Health Library

Chronic Lymphadenitis


Chronic lymphadenitis is when one or more lymph nodes are infected or inflamed for a long time. Lymph nodes help the body get rid of bacteria and viruses.

They are found in the neck, armpits, and groin.

Swollen Lymph Nodes
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Lymphadenitis is usually caused by an infection in the skin, ear, nose, or eye. It then spreads to the lymph nodes. Other causes are:

Risk Factors

This problem is more common in children under 12 years of age. Things that may raise the risk are:

  • Having an infection that causes it
  • Being in close contact with someone who has an infection that causes it
  • Having contact with animals


A person may have:

  • Swollen, painful, or hard lymph nodes—may be one or many nodes, in one area of the body or widespread
  • Skin over a node that is red and warm to the touch
  • Fever
  • Problems swallowing or breathing
  • Neck stiffness


The doctor will ask about symptoms and health history. A physical exam may be done. There are many things that can cause lymph swelling. Tests to find a cause may include:


The goal of treatment is to get rid of the infection and inflammation. How this is done depends on what is causing it. Treatments may be:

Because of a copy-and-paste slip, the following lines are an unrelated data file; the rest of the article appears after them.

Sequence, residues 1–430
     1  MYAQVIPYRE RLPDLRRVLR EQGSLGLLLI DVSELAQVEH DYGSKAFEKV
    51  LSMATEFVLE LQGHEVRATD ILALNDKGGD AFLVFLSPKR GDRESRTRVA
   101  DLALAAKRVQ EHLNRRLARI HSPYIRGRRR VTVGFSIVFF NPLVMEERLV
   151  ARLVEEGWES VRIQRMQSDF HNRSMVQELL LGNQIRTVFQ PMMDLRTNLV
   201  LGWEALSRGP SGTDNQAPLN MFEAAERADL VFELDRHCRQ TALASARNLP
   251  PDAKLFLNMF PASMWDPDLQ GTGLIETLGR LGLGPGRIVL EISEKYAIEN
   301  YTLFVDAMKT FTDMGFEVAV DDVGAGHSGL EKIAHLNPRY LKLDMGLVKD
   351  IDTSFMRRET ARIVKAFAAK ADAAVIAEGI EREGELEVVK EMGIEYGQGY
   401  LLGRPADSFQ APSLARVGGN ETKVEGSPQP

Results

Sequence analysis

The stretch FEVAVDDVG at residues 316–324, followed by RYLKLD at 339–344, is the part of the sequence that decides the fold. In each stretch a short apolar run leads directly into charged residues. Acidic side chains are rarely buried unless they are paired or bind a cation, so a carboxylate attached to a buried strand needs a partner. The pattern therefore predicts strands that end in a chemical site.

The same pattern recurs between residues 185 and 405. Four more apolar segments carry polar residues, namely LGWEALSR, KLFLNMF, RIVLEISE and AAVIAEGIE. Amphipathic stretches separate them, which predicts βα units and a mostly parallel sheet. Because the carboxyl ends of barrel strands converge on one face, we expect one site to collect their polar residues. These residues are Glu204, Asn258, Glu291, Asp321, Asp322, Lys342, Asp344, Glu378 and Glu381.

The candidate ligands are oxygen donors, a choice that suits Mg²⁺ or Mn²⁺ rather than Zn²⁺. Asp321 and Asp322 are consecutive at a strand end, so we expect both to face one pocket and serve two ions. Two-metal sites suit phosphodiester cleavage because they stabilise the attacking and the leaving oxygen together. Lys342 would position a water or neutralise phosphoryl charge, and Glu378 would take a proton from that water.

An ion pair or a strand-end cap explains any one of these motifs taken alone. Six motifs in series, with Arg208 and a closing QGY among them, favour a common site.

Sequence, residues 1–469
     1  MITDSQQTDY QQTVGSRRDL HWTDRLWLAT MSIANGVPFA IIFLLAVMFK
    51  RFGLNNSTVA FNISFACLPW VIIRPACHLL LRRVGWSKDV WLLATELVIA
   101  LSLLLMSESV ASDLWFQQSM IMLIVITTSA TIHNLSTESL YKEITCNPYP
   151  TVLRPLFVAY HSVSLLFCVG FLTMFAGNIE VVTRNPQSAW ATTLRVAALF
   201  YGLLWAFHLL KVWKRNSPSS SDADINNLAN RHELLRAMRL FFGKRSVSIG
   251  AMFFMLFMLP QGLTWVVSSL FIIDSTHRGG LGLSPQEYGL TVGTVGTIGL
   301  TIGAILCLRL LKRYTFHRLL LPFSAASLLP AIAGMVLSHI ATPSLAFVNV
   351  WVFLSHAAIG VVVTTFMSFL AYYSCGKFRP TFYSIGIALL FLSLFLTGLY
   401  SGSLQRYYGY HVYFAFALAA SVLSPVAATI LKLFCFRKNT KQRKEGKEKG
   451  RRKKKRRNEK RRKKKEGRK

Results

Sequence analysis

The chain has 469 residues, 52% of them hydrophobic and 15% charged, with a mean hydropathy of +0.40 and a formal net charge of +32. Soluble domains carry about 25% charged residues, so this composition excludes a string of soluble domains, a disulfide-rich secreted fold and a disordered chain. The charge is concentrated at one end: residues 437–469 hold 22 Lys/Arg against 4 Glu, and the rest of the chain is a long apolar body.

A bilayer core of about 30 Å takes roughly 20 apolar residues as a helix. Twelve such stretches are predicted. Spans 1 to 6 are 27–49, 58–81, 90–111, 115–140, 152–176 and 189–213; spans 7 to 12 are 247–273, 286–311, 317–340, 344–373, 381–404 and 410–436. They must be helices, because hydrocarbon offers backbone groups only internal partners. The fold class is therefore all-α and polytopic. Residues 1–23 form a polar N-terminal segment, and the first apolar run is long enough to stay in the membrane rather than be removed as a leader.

• Medicines such as:
    • Antibiotics to treat infection
    • NSAIDs to reduce inflammation (kids should not take aspirin as it can cause serious health problems)
  • Home care such as hot, moist compresses to help relieve pain
  • Surgery to drain pockets of pus


The risk of this health problem may be lowered by:

  • Avoiding close contact with people who are sick
  • Washing hands regularly
  • Treating infections early


Centers for Disease Control and Prevention

Family Doctor—American Academy of Family Physicians

Canadian Resources


Health Canada


Lymphadenitis. Johns Hopkins Medicine website. Available at: Accessed May 19, 2022.

Lymphadenopathy in adults—approach to the patient. EBSCO DynaMed website. Available at: Accessed May 19, 2022.

Tzankov A. and Dirnhofer, S. A pattern-based approach to reactive lymphadenopathies. Semin Diagn Pathol, 2018; 35(1): 4-19.